Many entrepreneurs and family business heads remain reluctant to set up family offices because their holding company effectively acts as one. That’s not likely to change in the future.
The Agnelli controlled holding company Exor might be the most obvious case of a holding company that works in many ways as a family office, but there are many other examples as well. Indeed, most family businesses in the Middle East and Asia are structured as holding companies that can easily invest in other businesses when opportunities arise.
Here’s just a few examples: the Yusuf Bin Ahmed Kanoo Group of Companies in the Gulf region acts as a big investment vehicle for the Kanoo family; Tata Sons Limited is the holding company for the Tata family and invests in a multitude of sectors; and Li Ka Shing’s Cheung Kong Holdings and Hutchison Whampoa have multiple investments in huge variety of sectors.
These holding/investment groups aren’t just limited to emerging markets, many European family businesses have also set up similar structures in the absence of a fully functional family office. KB Holding is an investment vehicle and holding company for one of Germany’s richest men Heinz Hermann Thiele, who owns Knorr-Bremse Group, the world’s biggest maker of brake systems for trains and commercial vehicles. Sir Michael Bibby, the CEO of the UK-based Bibby Line Group, says he runs his business as a family office and sees no reason to set up a separate investment company. This would seem to be the sentiment of many other family business owners.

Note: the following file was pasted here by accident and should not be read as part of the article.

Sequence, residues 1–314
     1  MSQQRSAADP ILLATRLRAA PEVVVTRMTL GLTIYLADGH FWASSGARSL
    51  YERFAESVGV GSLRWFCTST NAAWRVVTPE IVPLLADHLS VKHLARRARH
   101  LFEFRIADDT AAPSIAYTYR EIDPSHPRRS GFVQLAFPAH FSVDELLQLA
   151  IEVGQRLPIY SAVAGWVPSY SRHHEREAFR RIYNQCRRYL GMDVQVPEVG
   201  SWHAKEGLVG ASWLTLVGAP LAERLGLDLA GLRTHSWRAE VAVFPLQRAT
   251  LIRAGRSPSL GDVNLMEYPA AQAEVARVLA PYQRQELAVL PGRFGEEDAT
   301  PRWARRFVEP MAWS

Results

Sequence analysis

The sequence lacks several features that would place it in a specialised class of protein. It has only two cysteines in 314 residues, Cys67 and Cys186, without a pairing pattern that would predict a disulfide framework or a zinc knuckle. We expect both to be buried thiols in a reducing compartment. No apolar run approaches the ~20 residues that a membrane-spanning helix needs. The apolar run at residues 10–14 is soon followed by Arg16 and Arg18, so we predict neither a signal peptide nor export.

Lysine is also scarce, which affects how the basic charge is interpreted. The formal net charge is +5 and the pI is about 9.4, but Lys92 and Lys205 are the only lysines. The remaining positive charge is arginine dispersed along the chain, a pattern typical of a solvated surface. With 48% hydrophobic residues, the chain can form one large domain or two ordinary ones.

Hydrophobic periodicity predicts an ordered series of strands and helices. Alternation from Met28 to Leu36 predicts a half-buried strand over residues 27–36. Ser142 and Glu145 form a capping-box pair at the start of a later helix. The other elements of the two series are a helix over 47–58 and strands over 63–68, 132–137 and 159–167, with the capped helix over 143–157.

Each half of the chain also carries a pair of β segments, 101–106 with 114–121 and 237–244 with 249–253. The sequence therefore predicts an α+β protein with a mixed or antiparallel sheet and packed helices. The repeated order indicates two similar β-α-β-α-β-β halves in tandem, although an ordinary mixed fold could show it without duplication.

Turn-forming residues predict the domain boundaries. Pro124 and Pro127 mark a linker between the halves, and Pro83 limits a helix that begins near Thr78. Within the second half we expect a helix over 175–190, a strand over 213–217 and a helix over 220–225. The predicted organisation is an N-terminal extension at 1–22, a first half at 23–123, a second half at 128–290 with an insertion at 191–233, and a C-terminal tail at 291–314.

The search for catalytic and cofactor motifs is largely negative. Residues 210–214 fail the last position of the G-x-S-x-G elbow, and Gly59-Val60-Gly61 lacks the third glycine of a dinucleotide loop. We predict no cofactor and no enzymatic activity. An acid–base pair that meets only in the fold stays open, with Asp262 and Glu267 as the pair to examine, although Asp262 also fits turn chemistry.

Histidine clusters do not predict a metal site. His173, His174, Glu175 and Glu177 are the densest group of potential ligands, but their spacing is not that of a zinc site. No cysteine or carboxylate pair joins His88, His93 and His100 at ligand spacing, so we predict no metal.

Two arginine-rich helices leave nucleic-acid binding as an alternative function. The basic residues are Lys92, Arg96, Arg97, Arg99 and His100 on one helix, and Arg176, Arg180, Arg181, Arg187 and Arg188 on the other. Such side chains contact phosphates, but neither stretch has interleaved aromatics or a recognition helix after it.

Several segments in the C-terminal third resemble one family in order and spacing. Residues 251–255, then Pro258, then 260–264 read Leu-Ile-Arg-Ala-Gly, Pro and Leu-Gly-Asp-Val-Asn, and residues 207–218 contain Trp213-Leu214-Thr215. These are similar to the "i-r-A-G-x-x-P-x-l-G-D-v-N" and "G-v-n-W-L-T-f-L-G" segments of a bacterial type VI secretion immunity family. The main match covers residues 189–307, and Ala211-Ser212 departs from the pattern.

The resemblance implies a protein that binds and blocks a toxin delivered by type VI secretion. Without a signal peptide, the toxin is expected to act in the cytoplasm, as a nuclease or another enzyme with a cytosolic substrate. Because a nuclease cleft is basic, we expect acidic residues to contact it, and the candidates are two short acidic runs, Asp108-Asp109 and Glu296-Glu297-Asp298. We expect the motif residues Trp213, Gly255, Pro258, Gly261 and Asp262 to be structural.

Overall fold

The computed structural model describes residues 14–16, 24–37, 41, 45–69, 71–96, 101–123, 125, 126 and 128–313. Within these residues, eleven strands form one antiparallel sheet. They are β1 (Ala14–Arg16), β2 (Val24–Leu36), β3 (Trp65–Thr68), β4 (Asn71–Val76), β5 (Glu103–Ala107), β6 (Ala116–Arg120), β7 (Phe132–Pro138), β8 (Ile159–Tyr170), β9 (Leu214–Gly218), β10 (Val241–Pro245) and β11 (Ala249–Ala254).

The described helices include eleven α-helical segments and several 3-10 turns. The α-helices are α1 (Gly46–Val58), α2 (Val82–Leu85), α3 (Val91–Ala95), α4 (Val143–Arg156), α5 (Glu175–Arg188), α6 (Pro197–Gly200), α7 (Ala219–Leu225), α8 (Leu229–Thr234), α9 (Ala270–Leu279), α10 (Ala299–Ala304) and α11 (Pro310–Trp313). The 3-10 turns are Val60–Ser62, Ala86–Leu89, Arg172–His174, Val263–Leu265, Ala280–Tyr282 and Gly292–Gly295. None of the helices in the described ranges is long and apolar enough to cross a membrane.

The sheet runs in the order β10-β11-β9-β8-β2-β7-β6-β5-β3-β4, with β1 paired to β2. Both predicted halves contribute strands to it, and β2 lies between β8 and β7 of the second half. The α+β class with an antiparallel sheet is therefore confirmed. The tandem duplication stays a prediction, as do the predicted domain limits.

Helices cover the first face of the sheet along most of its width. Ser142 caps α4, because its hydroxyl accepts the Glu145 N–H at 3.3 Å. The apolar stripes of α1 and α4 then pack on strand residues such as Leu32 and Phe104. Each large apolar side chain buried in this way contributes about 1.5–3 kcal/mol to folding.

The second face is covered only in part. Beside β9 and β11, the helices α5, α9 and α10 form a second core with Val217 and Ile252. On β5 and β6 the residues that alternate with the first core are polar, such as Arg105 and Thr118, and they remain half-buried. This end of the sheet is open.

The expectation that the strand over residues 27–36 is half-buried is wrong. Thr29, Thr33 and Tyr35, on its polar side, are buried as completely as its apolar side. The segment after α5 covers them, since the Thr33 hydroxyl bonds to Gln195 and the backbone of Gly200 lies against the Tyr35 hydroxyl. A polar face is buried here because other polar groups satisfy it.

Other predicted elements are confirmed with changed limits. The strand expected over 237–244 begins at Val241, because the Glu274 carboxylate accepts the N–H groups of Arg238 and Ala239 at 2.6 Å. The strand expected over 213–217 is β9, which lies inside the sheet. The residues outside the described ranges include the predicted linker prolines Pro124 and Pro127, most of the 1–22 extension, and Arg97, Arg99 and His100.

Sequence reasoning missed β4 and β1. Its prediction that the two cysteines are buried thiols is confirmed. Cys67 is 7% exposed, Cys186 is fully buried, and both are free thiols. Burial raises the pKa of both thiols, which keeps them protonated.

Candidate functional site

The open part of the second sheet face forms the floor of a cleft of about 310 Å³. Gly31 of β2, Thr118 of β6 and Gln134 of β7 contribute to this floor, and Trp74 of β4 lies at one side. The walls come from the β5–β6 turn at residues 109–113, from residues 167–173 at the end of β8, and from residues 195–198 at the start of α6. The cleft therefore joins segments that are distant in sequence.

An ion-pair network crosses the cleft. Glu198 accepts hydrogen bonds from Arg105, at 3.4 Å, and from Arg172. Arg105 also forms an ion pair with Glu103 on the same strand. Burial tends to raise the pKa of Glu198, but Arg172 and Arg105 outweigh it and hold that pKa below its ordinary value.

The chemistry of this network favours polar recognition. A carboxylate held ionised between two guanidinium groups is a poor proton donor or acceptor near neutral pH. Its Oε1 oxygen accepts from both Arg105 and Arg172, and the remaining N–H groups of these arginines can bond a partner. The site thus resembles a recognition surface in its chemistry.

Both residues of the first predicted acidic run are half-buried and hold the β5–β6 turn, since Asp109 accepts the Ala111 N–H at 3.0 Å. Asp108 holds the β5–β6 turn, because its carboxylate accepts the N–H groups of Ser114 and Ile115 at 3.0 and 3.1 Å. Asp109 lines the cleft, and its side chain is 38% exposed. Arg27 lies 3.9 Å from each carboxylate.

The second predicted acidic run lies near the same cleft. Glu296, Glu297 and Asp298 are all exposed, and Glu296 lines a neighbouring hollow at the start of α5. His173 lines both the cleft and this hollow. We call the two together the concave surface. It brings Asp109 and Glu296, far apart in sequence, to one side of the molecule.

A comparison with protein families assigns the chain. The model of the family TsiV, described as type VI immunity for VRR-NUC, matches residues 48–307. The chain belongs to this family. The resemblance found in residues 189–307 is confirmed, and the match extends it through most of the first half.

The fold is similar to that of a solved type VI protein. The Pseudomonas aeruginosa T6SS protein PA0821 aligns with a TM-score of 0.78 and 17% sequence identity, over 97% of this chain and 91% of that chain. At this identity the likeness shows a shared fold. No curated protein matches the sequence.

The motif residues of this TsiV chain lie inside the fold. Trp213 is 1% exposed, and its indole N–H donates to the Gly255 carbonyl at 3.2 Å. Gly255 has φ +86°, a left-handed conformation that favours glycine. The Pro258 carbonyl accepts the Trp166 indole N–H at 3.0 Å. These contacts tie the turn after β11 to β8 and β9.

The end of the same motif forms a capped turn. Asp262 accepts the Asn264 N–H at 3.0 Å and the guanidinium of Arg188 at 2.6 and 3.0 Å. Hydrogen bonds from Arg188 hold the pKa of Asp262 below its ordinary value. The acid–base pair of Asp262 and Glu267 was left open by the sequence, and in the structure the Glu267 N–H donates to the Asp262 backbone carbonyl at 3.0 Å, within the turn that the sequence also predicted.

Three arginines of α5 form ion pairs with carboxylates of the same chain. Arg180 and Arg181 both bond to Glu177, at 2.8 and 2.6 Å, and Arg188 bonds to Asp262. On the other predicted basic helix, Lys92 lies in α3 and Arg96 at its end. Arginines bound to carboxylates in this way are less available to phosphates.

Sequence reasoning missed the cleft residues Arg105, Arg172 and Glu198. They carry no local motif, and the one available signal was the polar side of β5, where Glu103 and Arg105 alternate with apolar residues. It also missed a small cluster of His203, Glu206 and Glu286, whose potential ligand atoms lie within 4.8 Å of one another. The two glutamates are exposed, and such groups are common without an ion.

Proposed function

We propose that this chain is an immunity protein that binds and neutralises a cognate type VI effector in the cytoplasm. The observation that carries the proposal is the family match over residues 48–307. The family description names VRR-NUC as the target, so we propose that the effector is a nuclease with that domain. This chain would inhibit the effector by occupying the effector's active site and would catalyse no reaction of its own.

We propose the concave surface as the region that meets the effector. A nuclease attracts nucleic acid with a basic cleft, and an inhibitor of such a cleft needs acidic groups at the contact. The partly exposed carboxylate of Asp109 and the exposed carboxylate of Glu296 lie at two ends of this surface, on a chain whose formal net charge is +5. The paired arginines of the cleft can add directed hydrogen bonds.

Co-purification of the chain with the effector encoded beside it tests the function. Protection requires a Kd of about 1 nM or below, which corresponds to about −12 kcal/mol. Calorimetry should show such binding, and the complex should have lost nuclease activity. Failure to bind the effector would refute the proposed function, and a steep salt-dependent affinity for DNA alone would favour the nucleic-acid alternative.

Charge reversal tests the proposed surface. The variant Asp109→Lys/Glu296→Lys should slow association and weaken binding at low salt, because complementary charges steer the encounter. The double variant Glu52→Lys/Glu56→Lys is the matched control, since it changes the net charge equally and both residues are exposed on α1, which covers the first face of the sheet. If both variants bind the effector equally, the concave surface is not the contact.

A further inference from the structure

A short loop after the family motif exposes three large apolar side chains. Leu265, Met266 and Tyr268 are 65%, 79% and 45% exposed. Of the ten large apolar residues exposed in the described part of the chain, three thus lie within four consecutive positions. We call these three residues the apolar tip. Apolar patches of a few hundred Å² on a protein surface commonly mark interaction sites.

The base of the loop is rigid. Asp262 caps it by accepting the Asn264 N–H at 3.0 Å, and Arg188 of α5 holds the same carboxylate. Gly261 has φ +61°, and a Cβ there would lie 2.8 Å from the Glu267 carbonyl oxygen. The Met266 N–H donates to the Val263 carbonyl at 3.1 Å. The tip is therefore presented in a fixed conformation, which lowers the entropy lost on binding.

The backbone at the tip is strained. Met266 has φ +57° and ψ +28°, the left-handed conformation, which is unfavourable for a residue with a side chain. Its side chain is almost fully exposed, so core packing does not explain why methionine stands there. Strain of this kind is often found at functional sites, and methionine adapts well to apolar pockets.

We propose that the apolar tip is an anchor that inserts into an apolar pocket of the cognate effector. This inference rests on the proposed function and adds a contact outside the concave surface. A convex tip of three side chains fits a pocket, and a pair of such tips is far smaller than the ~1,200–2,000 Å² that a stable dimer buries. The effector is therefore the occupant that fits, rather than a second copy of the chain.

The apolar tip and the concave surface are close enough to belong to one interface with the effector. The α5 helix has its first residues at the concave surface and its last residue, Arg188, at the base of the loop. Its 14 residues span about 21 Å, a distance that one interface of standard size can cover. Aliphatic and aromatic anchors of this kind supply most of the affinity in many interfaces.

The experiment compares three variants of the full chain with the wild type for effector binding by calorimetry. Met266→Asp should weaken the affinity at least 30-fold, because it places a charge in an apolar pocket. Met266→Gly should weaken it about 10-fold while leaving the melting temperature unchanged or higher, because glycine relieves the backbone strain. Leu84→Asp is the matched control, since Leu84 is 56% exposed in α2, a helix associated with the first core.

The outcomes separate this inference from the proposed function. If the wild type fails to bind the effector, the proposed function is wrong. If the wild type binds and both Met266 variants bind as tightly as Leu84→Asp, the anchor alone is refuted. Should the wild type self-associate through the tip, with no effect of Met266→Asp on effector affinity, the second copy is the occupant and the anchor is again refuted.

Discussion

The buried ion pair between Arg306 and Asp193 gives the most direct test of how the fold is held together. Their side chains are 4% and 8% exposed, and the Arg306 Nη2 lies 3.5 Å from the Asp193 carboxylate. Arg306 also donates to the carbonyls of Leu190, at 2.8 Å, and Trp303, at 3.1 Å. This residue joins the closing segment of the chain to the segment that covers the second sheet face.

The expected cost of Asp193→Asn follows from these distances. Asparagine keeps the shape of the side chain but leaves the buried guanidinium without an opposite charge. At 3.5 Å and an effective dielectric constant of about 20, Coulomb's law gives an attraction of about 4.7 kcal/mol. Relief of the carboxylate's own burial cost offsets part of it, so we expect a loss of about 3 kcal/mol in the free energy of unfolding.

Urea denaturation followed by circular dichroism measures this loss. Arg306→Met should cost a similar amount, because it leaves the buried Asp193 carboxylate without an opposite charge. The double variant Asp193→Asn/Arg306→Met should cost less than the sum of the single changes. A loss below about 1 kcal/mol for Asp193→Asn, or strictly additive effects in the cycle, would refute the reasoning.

Of course, sometimes these individuals and/or families set up family offices. But they are viewed as places to park money. There is little professionalization of these family offices.
And, despite the huge growth in the number of family offices in the last 20 years, it’s seems unlikely that many family businesses will be setting up one in the future. Not least because many of them see their businesses as their investment vehicle.